Germany sticks with Chinese rival to World Bank
Berlin has announced plans to keep supporting the Asian Infrastructure Investment Bank (AIIB), a Chinese state-backed financial development lender. This comes in contrast to G7 partner Canada’s move to freeze ties with the institution over concerns about Beijing’s influence within it.
The announcement was made shortly after a Sunday meeting between German Finance Minister Christian Lindner and Chinese Vice Premier He Lifeng in Frankfurt.
In June, Lindner’s Canadian counterpart, Chrystia Freeland, said that Ottawa had decided to freeze all ties with the financial institution until further government review. The move occurred due to claims of widespread “communist dominance” within the AIIB by a former Canadian top executive at the bank.
The AIIB, launched in 2015 as an alternative to the Western-dominated IMF and the World Bank, has denied the allegations.
According to a joint statement released after the Frankfurt summit, Germany, one of the AIIB’s founding members, would “continue strengthening coordination” with China in the financial field and expand two-way market opening based on fair competition.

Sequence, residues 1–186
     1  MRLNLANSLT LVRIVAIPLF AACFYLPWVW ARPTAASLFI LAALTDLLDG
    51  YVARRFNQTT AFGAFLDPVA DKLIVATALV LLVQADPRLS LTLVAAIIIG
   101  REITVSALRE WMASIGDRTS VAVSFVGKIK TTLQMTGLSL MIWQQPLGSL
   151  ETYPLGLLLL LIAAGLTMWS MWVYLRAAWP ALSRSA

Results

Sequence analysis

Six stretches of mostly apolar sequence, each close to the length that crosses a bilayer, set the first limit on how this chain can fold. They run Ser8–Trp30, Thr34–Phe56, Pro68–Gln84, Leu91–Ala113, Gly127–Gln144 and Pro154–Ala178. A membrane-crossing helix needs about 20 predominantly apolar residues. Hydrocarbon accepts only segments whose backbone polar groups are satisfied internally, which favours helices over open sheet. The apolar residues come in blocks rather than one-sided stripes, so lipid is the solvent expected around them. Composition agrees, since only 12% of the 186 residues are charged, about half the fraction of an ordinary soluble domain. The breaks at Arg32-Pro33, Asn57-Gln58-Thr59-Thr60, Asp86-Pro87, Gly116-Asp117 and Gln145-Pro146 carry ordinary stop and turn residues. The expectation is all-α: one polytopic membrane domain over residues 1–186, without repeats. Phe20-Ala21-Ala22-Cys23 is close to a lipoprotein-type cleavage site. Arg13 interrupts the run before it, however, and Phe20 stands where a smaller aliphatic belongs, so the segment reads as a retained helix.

The parties have also expressed their dedication to enabling the AIIB to better serve the sustainable development needs of its member countries. Moreover, Berlin and Beijing pledged to ensure that the development bank operates by international standards and becomes an institution integrated into the global financial architecture.
The AIIB, currently the world’s second-largest multilateral development institution, has so far admitted 109 nations from all continents as members.
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